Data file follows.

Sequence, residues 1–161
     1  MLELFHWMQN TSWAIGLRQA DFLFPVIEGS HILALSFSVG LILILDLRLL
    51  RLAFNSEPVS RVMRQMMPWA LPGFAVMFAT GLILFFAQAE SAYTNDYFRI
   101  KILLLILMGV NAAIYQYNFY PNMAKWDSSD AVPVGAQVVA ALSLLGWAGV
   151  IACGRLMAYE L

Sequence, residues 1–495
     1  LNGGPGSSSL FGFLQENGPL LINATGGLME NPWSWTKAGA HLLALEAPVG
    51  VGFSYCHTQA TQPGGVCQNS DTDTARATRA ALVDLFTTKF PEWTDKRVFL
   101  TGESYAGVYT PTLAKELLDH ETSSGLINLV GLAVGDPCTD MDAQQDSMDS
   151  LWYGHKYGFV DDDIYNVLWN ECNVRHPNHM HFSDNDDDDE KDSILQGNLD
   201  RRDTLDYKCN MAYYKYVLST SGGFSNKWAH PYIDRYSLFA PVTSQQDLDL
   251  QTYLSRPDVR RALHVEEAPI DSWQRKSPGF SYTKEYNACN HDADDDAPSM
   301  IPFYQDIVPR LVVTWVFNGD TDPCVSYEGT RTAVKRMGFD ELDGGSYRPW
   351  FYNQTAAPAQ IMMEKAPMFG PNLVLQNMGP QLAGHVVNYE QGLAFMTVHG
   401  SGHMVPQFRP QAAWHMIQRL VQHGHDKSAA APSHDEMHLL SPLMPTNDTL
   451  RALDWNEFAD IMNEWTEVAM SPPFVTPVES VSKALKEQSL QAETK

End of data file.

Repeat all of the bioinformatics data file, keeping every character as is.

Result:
Sequence, residues 1–161
     1  MLELFHWMQN TSWAIGLRQA DFLFPVIEGS HILALSFSVG LILILDLRLL
    51  RLAFNSEPVS RVMRQMMPWA LPGFAVMFAT GLILFFAQAE SAYTNDYFRI
   101  KILLLILMGV NAAIYQYNFY PNMAKWDSSD AVPVGAQVVA ALSLLGWAGV
   151  IACGRLMAYE L

Sequence, residues 1–495
     1  LNGGPGSSSL FGFLQENGPL LINATGGLME NPWSWTKAGA HLLALEAPVG
    51  VGFSYCHTQA TQPGGVCQNS DTDTARATRA ALVDLFTTKF PEWTDKRVFL
   101  TGESYAGVYT PTLAKELLDH ETSSGLINLV GLAVGDPCTD MDAQQDSMDS
   151  LWYGHKYGFV DDDIYNVLWN ECNVRHPNHM HFSDNDDDDE KDSILQGNLD
   201  RRDTLDYKCN MAYYKYVLST SGGFSNKWAH PYIDRYSLFA PVTSQQDLDL
   251  QTYLSRPDVR RALHVEEAPI DSWQRKSPGF SYTKEYNACN HDADDDAPSM
   301  IPFYQDIVPR LVVTWVFNGD TDPCVSYEGT RTAVKRMGFD ELDGGSYRPW
   351  FYNQTAAPAQ IMMEKAPMFG PNLVLQNMGP QLAGHVVNYE QGLAFMTVHG
   401  SGHMVPQFRP QAAWHMIQRL VQHGHDKSAA APSHDEMHLL SPLMPTNDTL
   451  RALDWNEFAD IMNEWTEVAM SPPFVTPVES VSKALKEQSL QAETK